Journalists more important than ever
Kevin Donovan of the Toronto Star passes on tricks of the trade to students
Mount Royal University and the School of Communication Studies recently hosted award-winning investigative reporter and editor for the Toronto Star, Kevin Donovan.
In his introduction of Donovan, Brad Clark, chair of broadcasting and journalism, lauded the journalist for his efforts in maintaining and promoting journalistic professionalism. Clark pointed to the processes Donovan followed when covering the Jian Ghomeshi scandal, which led to the creation of his national best-selling book, Secret Life: The Jian Ghomeshi Investigation.
“Given what we have seen south of the border with the presidential administration challenging the truth and accuracy in a way we have never seen, never mind assailing the media, we need people that are skilled investigative journalists with strong fact checking skills to ensure our democracy is more fully informed,” says Clark.
Donovan took attendees behind the scenes of his book Secret Life, which sheds light on the journalistic process and the complexity of gathering information about a highly sensitive matter from named and confidential sources, including women who would eventually have to pit their word against a well-known public figure's.
The underlying message to the budding journalists and audience present was that Donovan firmly believes there is a future in journalism ― specifically, traditional media ― saying that information accessed from social media platforms is largely unconfirmed and unsubstantiated.
“The reality is in the shrinking media landscape you are only going to get traditional media following these cases. Social media (personalities) or bloggers are not going to court or to council chamber meetings,” says Donavan, and that the public is becoming increasingly reliant on the work of professional journalists.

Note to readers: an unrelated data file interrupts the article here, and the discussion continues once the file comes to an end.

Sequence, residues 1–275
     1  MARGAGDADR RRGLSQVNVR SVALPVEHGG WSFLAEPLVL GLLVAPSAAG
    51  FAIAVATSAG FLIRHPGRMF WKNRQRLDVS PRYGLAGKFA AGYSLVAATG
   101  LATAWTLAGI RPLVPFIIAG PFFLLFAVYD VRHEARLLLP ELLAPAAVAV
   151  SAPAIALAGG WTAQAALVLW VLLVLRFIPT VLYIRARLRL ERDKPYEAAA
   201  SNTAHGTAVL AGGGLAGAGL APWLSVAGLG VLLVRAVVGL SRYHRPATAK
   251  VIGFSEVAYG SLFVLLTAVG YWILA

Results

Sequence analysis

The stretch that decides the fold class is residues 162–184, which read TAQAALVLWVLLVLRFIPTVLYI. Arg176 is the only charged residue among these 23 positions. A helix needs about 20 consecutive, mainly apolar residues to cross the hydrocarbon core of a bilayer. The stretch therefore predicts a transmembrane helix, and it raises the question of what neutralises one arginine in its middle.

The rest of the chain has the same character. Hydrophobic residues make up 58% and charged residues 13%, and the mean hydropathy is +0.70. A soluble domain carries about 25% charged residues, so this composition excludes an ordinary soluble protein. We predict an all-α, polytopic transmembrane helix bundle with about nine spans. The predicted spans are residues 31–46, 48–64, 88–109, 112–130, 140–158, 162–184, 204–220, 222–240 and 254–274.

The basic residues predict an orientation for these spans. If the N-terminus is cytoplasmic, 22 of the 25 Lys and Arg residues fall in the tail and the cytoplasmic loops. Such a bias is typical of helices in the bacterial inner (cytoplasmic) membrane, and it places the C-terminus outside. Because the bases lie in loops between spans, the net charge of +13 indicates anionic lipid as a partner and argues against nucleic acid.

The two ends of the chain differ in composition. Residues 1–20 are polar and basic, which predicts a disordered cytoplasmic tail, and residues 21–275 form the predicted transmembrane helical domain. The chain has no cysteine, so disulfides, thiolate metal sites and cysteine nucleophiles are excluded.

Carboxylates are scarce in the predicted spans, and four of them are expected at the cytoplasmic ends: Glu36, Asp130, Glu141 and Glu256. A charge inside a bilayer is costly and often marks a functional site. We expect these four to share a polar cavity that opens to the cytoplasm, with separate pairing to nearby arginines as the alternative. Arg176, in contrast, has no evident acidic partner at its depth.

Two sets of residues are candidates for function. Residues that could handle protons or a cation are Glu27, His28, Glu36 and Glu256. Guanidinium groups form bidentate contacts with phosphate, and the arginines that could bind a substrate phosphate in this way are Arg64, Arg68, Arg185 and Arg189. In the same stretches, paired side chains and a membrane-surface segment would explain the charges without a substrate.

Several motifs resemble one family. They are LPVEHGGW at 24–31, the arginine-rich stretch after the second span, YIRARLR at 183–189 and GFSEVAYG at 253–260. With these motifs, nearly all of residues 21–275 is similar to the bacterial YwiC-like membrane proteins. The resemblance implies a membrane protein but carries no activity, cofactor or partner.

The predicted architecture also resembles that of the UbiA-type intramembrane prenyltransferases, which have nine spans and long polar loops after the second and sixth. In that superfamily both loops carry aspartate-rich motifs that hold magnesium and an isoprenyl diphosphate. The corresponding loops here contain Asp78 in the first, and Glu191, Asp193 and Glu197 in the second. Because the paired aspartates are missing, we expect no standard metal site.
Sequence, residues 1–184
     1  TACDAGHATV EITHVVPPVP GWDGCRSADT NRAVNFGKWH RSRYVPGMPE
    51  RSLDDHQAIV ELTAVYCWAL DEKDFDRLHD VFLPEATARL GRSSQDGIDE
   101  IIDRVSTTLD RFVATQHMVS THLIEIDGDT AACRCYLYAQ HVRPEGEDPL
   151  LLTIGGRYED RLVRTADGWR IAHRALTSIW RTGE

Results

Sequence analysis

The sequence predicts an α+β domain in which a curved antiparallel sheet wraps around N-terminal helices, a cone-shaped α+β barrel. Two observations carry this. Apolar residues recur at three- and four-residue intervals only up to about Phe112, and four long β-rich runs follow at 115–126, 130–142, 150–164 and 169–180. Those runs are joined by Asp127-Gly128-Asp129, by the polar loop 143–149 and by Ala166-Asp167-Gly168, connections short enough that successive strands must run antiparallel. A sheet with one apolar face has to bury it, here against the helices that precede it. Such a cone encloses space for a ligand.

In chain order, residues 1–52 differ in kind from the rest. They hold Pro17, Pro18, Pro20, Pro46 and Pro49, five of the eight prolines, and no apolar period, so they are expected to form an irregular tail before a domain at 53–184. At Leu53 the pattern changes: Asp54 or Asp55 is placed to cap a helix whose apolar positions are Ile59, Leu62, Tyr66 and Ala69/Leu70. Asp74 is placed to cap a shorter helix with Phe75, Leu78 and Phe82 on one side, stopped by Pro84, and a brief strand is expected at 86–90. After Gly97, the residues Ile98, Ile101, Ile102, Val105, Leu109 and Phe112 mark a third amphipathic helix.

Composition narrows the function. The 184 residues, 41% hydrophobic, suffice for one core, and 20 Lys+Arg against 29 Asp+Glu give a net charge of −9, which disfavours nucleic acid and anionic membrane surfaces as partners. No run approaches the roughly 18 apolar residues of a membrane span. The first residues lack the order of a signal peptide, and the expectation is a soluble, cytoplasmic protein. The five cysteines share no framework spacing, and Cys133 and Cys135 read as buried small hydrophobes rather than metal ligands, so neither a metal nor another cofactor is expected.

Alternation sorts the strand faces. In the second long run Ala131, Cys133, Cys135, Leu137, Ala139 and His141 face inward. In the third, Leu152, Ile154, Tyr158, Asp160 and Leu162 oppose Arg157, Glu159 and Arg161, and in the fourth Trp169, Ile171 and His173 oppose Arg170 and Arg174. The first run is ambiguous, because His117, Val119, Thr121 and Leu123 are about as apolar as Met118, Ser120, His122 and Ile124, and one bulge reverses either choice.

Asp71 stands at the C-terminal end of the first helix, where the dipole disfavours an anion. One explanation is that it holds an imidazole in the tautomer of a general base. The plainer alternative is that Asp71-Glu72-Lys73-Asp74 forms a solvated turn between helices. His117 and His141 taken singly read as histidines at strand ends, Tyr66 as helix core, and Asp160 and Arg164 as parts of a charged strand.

The impact of fake news puts the public in a position of having to be careful of where they get their information. And this he believes is the role of journalists.
According to Donovan, “Journalists have a duty to seek the truth just like lawyers in a courtroom, and that often involves asking tough questions.”
The established integrity of reporters and news sources means people will ultimately turn to them as resources they can trust when seeking out clarity.
“The tried and true rule, shared by journalists and firefighters,” says Donovan, “is when the alarm goes off you have to answer the call and check to see if there is something there.”
Sometimes there is no fire, just a pile of information (and sometimes misinformation) that becomes the journalist’s job to sift through, confirm and if need be, simplify and illuminate. This is where he says the public will continue to recognize the value in the ethics followed in traditional media.
Ethics and integrity in journalistic research are not just catch phrases, but rather requirements of the craft as the public has a growing expectation of this from investigative reporters.
Donovan is a thirty-year veteran of the Toronto Sun, winning two Governor General's Awards (Michener) for public service journalism, three National Newspaper Awards, and three Canadian Association of Journalists Awards. He is also the author of ORNGE: The Star Investigation that Broke the Story.
March 6, 2017 ― Arlene Ridgeway